Epigenetic regulation in plants is an exciting field of research. It studies the mechanisms and meaning of the phenomena of how a single genome can produce many so-called “epigenomes”. One of the unique property of higher plants that distinguish them from animals is the presence of cells with lifelong totipotency within the meristems. These cells give plants an advantage to reproduce vegetatively and, in fact, they provide a natural possibility of endless cloning of valuable genotypes. During plant development, epigenetic mechanisms gradually restrict cell totipotency, providing cell specialization and, ultimately, the formation of plant tissues and organs. In addition, largely due to epigenetic rearrangements, plants change the expression of their genes in response to changing environmental conditions, which is especially important, given that most plants themselves cannot move far away. Finally, epigenetic regulation is indispensable for the response and adaptation of plants to the emerging stresses that they experience at times. The investigation of the reasons why and how one plant genotype can produce many phenotypes and where the point of no return in cell type specialization occurs is extremely important for plant developmental biology and genetics.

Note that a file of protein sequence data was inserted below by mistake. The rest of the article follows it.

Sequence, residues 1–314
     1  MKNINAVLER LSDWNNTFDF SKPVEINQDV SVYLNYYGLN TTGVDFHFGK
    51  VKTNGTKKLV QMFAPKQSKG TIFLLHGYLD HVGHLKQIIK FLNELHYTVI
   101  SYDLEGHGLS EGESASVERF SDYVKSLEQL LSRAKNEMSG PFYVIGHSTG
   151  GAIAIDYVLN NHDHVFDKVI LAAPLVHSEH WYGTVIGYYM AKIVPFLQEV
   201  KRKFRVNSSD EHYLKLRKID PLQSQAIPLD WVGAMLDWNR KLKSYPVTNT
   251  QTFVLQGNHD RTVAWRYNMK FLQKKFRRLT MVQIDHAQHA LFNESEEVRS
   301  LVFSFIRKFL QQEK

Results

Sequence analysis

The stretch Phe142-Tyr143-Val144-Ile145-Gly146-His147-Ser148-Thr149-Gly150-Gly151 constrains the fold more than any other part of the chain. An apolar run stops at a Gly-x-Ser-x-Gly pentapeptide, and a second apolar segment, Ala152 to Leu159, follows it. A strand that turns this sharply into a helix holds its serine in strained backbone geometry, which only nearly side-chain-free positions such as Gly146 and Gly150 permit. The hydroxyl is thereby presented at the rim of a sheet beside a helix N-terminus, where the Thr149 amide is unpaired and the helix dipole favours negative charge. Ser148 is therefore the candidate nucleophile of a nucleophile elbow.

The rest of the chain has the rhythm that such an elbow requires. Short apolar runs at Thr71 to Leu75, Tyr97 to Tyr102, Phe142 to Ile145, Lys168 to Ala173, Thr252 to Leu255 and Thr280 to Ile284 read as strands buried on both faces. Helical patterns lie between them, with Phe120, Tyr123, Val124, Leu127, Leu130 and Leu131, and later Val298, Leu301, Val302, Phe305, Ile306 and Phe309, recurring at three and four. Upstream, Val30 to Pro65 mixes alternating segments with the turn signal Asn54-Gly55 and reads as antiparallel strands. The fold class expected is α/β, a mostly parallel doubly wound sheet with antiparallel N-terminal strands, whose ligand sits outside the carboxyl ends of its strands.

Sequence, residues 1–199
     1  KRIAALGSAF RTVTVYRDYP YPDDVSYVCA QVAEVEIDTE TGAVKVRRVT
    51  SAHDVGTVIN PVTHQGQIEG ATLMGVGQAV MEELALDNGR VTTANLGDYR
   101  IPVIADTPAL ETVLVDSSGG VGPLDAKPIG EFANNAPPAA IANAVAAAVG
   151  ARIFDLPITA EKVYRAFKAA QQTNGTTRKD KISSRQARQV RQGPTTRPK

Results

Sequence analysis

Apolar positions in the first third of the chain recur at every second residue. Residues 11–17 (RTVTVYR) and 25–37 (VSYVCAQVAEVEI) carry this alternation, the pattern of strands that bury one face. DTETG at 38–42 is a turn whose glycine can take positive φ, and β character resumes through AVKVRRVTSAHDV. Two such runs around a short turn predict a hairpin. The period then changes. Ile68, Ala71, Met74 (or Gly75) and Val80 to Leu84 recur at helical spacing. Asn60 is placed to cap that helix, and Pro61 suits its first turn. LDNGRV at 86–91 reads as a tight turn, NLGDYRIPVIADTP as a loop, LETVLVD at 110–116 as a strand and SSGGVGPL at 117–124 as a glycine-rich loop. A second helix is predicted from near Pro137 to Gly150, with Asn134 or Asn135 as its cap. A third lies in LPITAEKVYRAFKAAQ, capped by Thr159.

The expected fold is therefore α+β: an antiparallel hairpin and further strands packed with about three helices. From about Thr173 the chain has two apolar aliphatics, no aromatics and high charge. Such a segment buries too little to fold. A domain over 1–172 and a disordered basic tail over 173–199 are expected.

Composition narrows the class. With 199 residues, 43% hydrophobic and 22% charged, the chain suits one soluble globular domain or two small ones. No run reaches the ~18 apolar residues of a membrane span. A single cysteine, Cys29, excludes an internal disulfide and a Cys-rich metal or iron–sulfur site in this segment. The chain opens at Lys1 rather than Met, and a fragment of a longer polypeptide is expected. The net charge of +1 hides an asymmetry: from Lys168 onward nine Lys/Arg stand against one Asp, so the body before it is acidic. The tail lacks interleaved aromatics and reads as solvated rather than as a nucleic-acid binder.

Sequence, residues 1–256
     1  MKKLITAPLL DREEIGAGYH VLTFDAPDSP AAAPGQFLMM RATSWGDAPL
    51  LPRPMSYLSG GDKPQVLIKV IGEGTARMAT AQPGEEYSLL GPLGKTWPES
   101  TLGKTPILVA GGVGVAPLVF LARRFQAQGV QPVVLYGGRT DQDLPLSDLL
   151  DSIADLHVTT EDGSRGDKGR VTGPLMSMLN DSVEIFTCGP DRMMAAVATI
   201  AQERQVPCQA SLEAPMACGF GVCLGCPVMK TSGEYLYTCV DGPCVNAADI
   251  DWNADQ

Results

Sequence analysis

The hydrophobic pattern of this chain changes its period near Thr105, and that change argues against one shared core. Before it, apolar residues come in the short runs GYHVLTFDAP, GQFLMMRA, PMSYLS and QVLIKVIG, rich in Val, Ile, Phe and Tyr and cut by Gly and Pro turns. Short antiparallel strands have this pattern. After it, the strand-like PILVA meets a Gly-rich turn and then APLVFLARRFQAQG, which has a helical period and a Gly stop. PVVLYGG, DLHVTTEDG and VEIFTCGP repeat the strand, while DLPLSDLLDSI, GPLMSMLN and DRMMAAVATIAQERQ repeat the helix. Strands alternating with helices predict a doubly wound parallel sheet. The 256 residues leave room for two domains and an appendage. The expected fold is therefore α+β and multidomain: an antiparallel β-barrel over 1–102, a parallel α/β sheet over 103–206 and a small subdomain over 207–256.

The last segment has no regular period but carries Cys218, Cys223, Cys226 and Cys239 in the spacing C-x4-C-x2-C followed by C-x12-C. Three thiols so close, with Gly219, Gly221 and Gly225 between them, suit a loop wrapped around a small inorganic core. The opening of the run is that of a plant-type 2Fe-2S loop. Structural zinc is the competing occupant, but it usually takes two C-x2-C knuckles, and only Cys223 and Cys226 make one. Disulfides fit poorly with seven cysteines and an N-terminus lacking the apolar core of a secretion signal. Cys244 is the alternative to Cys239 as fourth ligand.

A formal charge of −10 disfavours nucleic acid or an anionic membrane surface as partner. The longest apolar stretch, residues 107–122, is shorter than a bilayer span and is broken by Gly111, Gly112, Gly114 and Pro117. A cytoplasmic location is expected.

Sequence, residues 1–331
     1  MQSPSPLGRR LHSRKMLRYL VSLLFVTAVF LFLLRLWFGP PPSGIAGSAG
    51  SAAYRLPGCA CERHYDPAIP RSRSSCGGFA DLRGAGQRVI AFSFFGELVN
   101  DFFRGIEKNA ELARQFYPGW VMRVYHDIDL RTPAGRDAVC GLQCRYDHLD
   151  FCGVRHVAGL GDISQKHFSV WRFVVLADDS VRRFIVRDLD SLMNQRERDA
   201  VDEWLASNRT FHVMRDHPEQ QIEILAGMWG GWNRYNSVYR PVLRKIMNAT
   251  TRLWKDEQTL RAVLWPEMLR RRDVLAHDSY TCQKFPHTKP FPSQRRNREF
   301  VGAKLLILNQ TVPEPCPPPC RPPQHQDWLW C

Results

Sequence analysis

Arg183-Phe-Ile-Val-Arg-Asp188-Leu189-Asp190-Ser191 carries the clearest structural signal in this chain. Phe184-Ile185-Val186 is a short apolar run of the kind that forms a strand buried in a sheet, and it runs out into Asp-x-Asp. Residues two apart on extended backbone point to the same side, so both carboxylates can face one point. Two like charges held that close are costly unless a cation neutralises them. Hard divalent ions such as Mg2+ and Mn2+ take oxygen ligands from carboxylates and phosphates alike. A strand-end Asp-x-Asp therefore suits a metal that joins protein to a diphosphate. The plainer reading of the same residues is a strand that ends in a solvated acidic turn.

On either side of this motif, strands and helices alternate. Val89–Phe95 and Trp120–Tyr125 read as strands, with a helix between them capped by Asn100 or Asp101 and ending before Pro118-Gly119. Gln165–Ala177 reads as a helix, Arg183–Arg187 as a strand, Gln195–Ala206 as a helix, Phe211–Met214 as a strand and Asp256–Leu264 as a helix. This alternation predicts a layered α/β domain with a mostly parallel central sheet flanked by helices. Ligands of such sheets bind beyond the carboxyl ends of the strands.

In the second half of the twentieth century, after the introduction of the term “epigenetics” by Conrad Hal Waddington, much has been done in this field by the efforts of so-called "wet biologists" (experimental biologists working in labs). It was found that the main mechanisms of epigenetic regulation in eukaryotes operate via DNA methylation, chromatin remodeling, and RNA interference. It was found that epimutations are often precursors of the mutations per se, that epigenetic events are involved in, gene suppression and co-suppression, inactivation of transposons, genetic imprinting, transgene silencing, etc. In the last two decades, with the advent and rapid progress in next-generation sequencing, computational biology (dry biology), and machine learning methods, the study of epigenomes has become possible not only at a whole plant genome level, but also at the level of plant communities and populations of epigenomes. This suggests anticipation of new intriguing discoveries in plant epigenomics at a fairly rapid rate and on a larger scale compared to the previous decades.